Lauren Whitehouse, a senior analyst at Enterprise Strategy Group, recalled tracking approximately 250 MSPs two years ago. Today, cloud backup MSPs number in the thousands, from major vendors to regional providers, she noted.
"There's a lot more evangelism going on," Whitehouse said. "People are demonstrating cost models that show benefits for certain profiles of companies. People are feeling more secure in sending data out into the cloud. So, all the things are lining up for it to become more adopted in the coming years."
In the meantime, cloud backup adoption has been mixed, although it is still a relatively new technology. A Storage magazine Storage Purchasing Intentions survey done this fall showed that 66% of the 244 storage professionals involved in the purchase of backup and disaster recovery products weren't using cloud backup solutions or outsourced backup. Those who did used them for email, database applications, user files and at remote sites.
TheInfoPro Inc.'s second-quarter survey of 147 IT pros from Fortune 1000 companies showed that 1% use external cloud storage of any type, 5% are in the pilot/evaluation stage or have cloud storage in their near-term plans, and a mere 6% have cloud storage in their long-term plans.
But industry analysts predict that adoption will pick up during the coming year, both among small- and medium-sized businesses (SMBs) that might replace their on-premise data backup technology and with enterprises that might consider the cloud to back up data in remote offices or in laptops and PCs.
CLOUD BACKUP SOLUTIONS POISED FOR INCREASED ADOPTION: TABLE OF CONTENTS
>> Cloud backup as a solution for laptop backup
>> Some users wary of cloud backup solutions
>> New improvements from cloud backup vendors
>> Cloud backup and smaller businesses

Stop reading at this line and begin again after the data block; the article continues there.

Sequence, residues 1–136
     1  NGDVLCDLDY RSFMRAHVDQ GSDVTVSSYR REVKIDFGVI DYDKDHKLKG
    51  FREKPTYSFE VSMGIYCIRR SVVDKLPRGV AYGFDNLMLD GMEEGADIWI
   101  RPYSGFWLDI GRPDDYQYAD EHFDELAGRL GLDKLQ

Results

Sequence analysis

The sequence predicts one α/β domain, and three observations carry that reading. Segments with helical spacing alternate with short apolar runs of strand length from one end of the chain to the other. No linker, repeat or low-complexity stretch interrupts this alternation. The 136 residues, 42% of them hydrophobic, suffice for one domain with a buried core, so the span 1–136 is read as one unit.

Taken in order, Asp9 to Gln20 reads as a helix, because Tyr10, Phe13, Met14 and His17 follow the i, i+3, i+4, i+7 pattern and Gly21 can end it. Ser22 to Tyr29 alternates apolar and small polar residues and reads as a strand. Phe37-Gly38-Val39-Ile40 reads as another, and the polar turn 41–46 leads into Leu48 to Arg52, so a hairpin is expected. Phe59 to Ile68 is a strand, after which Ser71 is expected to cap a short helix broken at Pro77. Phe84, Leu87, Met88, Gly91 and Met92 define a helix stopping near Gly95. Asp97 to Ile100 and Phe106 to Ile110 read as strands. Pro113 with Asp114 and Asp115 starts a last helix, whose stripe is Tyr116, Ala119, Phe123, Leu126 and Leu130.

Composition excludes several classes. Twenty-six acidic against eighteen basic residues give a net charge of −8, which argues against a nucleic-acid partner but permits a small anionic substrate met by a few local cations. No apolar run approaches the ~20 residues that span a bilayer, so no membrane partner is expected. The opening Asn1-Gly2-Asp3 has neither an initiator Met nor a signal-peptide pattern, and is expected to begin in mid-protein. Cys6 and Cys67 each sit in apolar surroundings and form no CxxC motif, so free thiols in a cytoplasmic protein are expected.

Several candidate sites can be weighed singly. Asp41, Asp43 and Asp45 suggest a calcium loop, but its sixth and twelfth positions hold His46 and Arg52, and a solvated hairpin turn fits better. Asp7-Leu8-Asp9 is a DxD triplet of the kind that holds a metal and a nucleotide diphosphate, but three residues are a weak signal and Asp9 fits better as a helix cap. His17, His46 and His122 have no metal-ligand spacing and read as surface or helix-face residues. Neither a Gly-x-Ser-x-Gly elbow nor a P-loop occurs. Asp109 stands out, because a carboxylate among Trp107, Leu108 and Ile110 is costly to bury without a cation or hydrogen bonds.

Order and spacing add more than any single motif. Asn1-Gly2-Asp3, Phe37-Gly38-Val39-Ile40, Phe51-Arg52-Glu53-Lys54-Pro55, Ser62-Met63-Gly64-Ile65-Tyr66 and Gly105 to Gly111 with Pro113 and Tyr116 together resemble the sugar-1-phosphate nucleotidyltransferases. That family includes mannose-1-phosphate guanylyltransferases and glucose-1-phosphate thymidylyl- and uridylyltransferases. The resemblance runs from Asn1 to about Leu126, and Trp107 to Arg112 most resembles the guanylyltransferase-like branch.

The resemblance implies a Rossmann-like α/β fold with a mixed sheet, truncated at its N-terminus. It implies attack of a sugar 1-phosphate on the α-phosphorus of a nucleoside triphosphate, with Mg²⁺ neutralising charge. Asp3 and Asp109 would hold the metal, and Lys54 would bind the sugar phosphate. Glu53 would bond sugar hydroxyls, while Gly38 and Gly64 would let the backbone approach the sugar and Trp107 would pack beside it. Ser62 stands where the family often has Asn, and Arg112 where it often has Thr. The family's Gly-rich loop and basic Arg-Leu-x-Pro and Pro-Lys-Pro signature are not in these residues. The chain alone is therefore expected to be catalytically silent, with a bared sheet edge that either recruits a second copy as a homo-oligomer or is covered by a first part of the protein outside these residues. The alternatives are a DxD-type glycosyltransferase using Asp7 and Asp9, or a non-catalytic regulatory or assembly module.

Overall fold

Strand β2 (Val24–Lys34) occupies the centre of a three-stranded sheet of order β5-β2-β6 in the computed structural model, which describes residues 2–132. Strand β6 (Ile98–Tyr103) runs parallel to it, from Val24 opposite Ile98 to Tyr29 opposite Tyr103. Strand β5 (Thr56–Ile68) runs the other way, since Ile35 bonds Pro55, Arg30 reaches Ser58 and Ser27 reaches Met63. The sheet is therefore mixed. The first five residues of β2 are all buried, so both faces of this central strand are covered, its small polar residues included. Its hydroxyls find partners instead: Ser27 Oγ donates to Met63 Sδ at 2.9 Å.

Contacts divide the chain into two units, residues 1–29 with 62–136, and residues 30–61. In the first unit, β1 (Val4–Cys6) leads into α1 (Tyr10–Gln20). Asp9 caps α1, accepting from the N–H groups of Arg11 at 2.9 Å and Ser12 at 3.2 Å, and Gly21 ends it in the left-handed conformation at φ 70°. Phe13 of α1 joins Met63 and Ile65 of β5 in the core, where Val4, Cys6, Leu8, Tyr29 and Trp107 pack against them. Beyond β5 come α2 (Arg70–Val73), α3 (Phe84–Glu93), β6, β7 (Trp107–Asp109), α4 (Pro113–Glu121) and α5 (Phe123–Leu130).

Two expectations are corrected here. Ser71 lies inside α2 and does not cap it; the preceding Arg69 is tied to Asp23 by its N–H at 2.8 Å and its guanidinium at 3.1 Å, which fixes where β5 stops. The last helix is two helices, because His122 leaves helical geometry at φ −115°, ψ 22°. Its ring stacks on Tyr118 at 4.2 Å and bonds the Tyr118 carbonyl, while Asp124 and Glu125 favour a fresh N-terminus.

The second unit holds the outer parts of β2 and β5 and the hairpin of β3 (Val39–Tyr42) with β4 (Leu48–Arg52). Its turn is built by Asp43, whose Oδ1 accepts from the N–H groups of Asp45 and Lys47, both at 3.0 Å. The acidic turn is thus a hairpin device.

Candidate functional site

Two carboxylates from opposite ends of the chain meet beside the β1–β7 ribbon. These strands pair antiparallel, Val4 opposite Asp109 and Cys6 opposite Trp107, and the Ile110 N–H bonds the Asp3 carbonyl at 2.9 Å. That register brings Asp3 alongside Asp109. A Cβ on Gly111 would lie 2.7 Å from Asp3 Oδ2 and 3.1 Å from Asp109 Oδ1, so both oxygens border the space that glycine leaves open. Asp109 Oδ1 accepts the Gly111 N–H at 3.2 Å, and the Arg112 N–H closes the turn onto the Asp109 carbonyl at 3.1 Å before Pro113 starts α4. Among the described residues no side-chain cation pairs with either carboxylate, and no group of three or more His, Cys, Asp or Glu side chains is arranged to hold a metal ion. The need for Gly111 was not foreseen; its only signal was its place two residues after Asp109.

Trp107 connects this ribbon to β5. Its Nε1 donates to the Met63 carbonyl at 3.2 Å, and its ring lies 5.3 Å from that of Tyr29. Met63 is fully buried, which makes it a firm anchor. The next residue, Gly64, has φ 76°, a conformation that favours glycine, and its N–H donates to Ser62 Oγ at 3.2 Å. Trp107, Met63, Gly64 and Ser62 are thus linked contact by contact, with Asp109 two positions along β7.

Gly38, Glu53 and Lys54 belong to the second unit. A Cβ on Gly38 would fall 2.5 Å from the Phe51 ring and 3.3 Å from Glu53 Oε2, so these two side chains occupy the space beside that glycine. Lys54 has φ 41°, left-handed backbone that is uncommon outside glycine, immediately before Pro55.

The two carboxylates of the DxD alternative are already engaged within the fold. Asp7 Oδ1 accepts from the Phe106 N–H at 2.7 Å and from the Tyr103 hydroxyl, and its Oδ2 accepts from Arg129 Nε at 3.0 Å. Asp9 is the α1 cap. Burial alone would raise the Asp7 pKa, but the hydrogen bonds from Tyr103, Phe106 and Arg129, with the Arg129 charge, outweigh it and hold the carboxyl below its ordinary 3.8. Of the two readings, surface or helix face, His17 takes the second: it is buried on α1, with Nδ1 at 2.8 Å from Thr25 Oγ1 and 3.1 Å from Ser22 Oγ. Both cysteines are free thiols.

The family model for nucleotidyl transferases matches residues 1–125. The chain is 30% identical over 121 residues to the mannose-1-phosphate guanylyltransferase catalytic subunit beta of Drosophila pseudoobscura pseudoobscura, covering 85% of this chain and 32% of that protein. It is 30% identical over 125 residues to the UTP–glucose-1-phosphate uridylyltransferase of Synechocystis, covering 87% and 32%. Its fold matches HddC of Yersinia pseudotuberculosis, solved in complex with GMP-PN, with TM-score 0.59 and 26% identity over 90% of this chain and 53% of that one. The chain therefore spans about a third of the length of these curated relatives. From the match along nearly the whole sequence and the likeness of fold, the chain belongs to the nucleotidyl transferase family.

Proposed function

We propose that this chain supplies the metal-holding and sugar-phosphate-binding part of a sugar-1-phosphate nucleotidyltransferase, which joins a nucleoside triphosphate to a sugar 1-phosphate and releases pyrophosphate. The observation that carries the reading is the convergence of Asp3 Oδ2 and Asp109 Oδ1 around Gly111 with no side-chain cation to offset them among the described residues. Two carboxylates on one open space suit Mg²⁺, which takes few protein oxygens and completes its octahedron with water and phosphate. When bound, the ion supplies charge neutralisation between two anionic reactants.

Bill Wheeler, a Libertyville, Ill.-based Windows operations manager at VW Credit Inc. (VCI), a subsidiary of Volkswagen Group of America Inc., said he's evaluating a combination of Microsoft Corp.'s System Center Data Protection Manager (DPM) 2010 and Iron Mountain Inc.'s online backup service for laptops that are frequently disconnected from the network and miss out on the nightly backup cycle.
"Cloud would help because we don't have to worry about [users] authenticating to the corporate network, and they can go straight to the Internet" for their backups, he said.
But, Wheeler added that the laptop backup problem is the only one he can envision addressing through a cloud backup service. "We're a financial organization, so any time you say financial and cloud in the same breath, people get nervous," he said.
Another trend that could gain more traction among mid- to large-sized enterprises is a "disk-to-disk-to-cloud" model that could help them to avoid the expense and potential security exposure of transporting physical tapes off-site, said Dave Russell, a research vice president at Gartner Inc.
"If I'm doing disk-to-disk-to-tape, backing up to disk first and then writing the physical tape, maybe I stop that physical tape, and that's what I outsource," Russell said.